Univ Mons, Belgium.
    Lazzaroni, Roberto
    Univ Mons, Belgium.
    Crispin, Xavier
    Linköping University, Department of Science and Technology, Laboratory of Organic Electronics. Linköping University, Faculty of Science & Engineering.
    Tybrandt, Klas
    Linköping University, Department of Science and Technology, Laboratory of Organic Electronics. Linköping University, Faculty of Science & Engineering.
    Elastic conducting polymer composites in thermoelectric modules2020In: Nature Communications, E-ISSN 2041-1723, Vol. 11, no 1Article in journal (Refereed)
    Abstract [en]

    The rapid growth of wearables has created a demand for lightweight, elastic and conformal energy harvesting and storage devices. The conducting polymer poly(3,4-ethylenedioxythiophene) has shown great promise for thermoelectric generators, however, the thick layers of pristine poly(3,4-ethylenedioxythiophene) required for effective energy harvesting are too hard and brittle for seamless integration into wearables. Poly(3,4-ethylenedioxythiophene)-elastomer composites have been developed to improve its mechanical properties, although so far without simultaneously achieving softness, high electrical conductivity, and stretchability. Here we report an aqueously processed poly(3,4-ethylenedioxythiophene)-polyurethane-ionic liquid composite, which combines high conductivity (>140Scm(-1)) with superior stretchability (>600%), elasticity, and low Youngs modulus (<7MPa). The outstanding performance of this organic nanocomposite is the result of favorable percolation networks on the nano- and micro-scale and the plasticizing effect of the ionic liquid. The elastic thermoelectric material is implemented in the first reported intrinsically stretchable organic thermoelectric module. Though deformable thermoelectric materials are desirable for integrating thermoelectric devices into wearable electronics, typical thermoelectric materials are too brittle for practical application. Here, the authors report a high-performance elastic composite for stretchable thermoelectric modules.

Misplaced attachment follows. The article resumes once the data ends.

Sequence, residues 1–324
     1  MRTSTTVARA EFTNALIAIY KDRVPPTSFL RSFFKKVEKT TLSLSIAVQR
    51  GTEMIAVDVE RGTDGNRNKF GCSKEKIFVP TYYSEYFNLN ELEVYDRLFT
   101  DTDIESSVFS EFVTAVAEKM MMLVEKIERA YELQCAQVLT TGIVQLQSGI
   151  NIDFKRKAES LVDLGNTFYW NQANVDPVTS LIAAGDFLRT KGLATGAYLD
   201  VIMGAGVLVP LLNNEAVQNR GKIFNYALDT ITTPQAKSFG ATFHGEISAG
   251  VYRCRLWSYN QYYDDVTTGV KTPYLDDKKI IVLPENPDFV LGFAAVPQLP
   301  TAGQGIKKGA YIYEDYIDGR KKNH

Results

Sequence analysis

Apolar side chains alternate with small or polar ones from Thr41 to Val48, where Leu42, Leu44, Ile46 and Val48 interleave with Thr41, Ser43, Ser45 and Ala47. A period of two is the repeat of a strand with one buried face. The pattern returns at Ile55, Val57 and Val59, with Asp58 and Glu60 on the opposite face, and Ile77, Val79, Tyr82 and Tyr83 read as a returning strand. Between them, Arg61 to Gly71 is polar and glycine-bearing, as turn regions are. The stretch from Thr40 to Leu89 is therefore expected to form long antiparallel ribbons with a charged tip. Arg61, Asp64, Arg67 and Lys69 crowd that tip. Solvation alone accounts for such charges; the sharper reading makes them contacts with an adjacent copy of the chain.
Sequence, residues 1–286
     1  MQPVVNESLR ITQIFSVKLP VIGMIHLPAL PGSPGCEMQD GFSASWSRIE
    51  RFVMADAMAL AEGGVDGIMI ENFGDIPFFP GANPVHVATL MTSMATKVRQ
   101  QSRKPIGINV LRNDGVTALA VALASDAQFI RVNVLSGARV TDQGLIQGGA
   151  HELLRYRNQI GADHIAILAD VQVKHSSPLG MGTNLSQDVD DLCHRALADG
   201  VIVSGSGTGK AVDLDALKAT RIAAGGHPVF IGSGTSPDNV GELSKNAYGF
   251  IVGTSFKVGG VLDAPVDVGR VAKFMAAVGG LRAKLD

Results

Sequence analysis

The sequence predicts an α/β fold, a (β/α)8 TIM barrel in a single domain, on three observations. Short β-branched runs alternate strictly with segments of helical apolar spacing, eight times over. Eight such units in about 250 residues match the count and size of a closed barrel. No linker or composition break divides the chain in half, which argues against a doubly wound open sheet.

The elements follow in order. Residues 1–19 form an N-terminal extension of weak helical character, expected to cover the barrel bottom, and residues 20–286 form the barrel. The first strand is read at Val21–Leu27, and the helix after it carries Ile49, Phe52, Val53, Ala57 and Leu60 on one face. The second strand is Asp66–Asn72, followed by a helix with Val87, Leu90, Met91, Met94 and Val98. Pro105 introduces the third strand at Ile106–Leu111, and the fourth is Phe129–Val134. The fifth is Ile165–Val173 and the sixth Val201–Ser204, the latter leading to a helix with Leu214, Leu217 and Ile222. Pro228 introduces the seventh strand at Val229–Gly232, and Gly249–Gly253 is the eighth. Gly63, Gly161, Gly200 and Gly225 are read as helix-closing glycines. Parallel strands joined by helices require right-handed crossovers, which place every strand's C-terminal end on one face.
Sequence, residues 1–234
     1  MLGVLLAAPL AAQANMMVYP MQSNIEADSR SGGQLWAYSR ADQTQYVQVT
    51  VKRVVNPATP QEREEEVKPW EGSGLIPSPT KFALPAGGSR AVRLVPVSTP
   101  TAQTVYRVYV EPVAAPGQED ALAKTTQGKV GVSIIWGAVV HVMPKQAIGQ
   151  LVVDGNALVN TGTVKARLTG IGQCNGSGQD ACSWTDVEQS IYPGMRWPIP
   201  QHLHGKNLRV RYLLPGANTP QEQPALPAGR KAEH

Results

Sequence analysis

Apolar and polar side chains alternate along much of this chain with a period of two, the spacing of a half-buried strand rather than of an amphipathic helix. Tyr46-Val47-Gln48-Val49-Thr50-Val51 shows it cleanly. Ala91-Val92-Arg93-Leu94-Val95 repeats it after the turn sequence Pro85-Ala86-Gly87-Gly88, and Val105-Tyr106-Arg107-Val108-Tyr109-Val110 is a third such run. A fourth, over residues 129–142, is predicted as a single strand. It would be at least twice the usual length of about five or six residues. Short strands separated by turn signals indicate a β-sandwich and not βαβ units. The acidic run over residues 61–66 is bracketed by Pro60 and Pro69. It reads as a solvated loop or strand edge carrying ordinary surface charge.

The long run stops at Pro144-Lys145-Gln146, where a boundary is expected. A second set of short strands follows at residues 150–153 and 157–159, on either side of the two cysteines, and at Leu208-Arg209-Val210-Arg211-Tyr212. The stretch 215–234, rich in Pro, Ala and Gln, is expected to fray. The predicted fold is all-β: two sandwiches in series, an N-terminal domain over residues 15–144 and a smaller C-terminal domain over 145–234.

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  • 34.
    Klenkar, Goran
    et al.
    Linköping University, Department of Physics, Chemistry and Biology, Sensor Science and Molecular Physics . Linköping University, The Institute of Technology.
    Brian, Björn
    Linköping University, Department of Physics, Chemistry and Biology, Sensor Science and Molecular Physics . Linköping University, The Institute of Technology.
    Ederth, Thomas
    Linköping University, Department of Physics, Chemistry and Biology, Sensor Science and Molecular Physics . Linköping University, The Institute of Technology.
    Stengel, Gudrun
    Chalmers.
    Hook, Fredrik